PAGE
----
Geology of the Shenandoah Valley

The remains of a low stone wall are partly hidden by weeds.
Wall made from limestone removed from the roadbed during construction of Valley Turnpike

NPS Photo by Ann & Rob Simpson

Underground and surface forces, acting over many millions of years, created the Shenandoah Valley and its surrounding hills and ridges. These long, slow processes continue today as the Valley region gradually weathers, erodes, levels, and deposits soil.

Mountain & Valley Building

About half a billion years ago, the rocks that now make up the Shenandoah Valley solidified from ancient tidal flat sediments into vast, horizontal layers of limestone, shale, sandstone, and dolomite.

Colliding Continents

When two continental plates, the North American Plate and African, met about 400 million years ago in a series of grinding, mountain-building collisions. The limestone, shale, sandstone, and underlying volcanic rocks folded upward into the ridges and mountains that now form the Appalachian Mountains in North America and the Atlas Mountains in Africa.

Range of High Mountains

After 100 million years or so of collisions, the Appalachians grew to elevations possibly as high as 20,000 feet above sea level. The North American and African plates began to separate and have moved farther apart ever since. Although no longer near the tectonic boundaries, Virginia still has active fault lines. Seismic equipment and people in the Shenandoah Valley sometimes detect small earthquakes.

Weathered Ridges, Fertile Valleys

Three hundred million years of erosion have left most Appalachian hills and ridges lower than 5,000 feet above sea level. Rain, wind, ice, and sun broke down the mountains’ overlying limestone, shale, and sandstone rocks. These fragments and particles washed downhill and settled into valleys between the ridges. These sediments give Shenandoah Valley floor its rich, limey, fertile soil.

Surrounded by Hills & Ridges

The remaining ridges of hard igneous granite and metamorphic gneiss, slate, and quartzite are the Blue Ridge Mountains, home to nearby Shenandoah National Park. The Blue Ridge is long group of hills that are the eastern boundary of the wide Shenandoah Valley. The hills and ridges of the Allegheny Mountains formed the Valley’s western boundary, which still have most of their overlying sedimentary rock.

Mountain in the Middle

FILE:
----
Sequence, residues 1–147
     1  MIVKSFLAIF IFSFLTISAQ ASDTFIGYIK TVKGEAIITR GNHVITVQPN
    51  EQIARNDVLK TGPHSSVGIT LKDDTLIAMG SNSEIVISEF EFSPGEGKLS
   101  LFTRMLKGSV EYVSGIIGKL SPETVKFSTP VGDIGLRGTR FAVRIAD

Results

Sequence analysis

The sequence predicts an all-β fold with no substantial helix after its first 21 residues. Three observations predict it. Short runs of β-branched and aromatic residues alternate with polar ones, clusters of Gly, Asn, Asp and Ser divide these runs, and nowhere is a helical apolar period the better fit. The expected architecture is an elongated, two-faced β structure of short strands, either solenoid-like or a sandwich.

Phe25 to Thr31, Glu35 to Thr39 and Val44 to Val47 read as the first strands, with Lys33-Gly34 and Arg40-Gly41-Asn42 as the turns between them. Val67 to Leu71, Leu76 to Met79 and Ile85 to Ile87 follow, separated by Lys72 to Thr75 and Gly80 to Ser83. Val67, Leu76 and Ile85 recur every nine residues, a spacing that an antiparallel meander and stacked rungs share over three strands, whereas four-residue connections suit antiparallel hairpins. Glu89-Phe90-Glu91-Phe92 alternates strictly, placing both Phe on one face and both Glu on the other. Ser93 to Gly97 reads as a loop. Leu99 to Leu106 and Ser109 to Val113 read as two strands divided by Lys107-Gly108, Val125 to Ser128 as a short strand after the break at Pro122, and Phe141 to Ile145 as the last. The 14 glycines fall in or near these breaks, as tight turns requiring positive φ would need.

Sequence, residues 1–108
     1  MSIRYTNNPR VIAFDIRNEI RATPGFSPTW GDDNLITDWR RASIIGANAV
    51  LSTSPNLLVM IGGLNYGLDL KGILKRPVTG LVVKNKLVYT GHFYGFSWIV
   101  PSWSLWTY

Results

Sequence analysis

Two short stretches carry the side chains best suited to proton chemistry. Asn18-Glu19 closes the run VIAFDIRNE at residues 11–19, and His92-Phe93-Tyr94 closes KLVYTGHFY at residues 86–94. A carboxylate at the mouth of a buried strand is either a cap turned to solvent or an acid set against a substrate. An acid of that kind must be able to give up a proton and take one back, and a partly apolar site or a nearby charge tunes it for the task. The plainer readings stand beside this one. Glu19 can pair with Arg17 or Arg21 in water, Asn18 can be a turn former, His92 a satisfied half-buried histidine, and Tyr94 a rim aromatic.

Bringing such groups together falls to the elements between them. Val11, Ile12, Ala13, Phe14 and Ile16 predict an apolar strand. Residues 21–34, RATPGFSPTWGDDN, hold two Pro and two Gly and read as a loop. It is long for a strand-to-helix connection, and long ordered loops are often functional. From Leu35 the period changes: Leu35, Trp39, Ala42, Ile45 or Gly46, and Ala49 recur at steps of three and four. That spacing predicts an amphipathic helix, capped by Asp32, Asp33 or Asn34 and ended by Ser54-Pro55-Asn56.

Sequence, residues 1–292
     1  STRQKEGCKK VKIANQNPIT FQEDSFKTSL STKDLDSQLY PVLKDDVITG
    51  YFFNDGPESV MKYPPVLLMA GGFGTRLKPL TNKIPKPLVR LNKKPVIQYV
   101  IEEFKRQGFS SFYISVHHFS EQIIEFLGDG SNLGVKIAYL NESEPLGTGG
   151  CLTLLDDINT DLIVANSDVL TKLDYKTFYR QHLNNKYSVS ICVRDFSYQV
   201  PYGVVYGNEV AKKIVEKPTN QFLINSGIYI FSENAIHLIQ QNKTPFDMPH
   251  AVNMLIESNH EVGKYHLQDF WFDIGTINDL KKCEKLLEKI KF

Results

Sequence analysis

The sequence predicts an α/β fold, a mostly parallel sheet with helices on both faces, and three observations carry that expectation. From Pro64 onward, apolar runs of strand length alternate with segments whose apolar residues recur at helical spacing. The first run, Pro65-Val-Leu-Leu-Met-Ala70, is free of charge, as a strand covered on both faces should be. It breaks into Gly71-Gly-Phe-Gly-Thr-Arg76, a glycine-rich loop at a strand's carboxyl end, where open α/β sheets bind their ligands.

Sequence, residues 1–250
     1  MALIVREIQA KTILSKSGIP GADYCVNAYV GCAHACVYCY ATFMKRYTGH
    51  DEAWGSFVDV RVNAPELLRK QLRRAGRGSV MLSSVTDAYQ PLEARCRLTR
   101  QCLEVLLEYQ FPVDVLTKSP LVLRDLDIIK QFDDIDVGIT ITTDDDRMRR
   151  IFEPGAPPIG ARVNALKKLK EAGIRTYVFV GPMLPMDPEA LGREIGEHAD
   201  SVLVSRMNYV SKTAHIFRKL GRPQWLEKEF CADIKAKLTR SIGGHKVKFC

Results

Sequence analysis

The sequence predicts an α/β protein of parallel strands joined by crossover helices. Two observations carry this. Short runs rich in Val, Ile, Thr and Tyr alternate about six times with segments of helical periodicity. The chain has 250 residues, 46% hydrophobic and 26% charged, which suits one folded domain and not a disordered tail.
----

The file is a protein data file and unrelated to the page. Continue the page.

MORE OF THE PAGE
The Shenandoah Valley is now about 150 miles long. It averages about 30 miles wide. Bisecting the Valley is Massanutten Mountain, a long ridge of about fifty miles. Like the Alleghenies, it also still has much of its overlying sedimentary rock. Sediments of limestone, shale, and other rocks and minerals layer the Valley floor, giving it its rich, limey soil and agricultural fertility. Three hundred million years of erosion have left most Appalachian hills and ridges lower than 5,000 feet above sea level.

Limestone & Karst Terrain

The Valley’s abundant limestone is evidence that the area was once under ocean water, long before the tectonic plates collided. Limestone forms in warm, shallow seas when generations of tiny sea creatures die and accumulate on the ocean floor, later to compress into solid rock.


Because of its limestone base, the Shenandoah Valley is karst, a terrain type with distinctive landforms and water resources. Slightly acidic water wore through the bedrock over many millions of years, leaving caves, caverns, and sinkholes. Streams and springs disappear and reappear over time.


Water that filters through the rocks collects in underground reservoirs, or aquifers. Aquifers are underground rock layers filled with groundwater in the spaces between fractured limestone, silt, gravel, and sand. Aquifers closer to the surface, used for irrigation and drinking water, are re-charged by rainwater. They are very useful but also extremely vulnerable to contamination.

Caves & Caverns

The water that dissolves limestone and other soluble rocks in the Shenandoah Valley leaves behind caves and caverns. In some caves and caverns, the deposits of dissolved minerals left by dripping water make the features of stalactites, stalagmites, and columns. Luray Caverns, a National Natural Landmark in the Valley, is ornately decorated with cascades, columns, stalactites, stalagmites and pools.

Other Rocks & Minerals

Many rocks and minerals occupy the Shenandoah Valley besides limestone. Other sedimentary rocks in the region are sandstone, shale, and coal. There are igneous rocks like granite, gabbro, and basalt, and metamorphic rocks like slate, gneiss, and quartzite. Manganese, iron ores, zinc, lead, sulfur, gypsum, and pyrite are relatively common Shenandoah Valley minerals. The Valley yields small amounts of oil and natural gas.

Also present is red clay, an oceanic sediment with iron oxide, along with fossils of sea creatures like brachiopods and trilobites.

Cedar Creek & Belle Grove National Historical Park

Last updated: August 16, 2022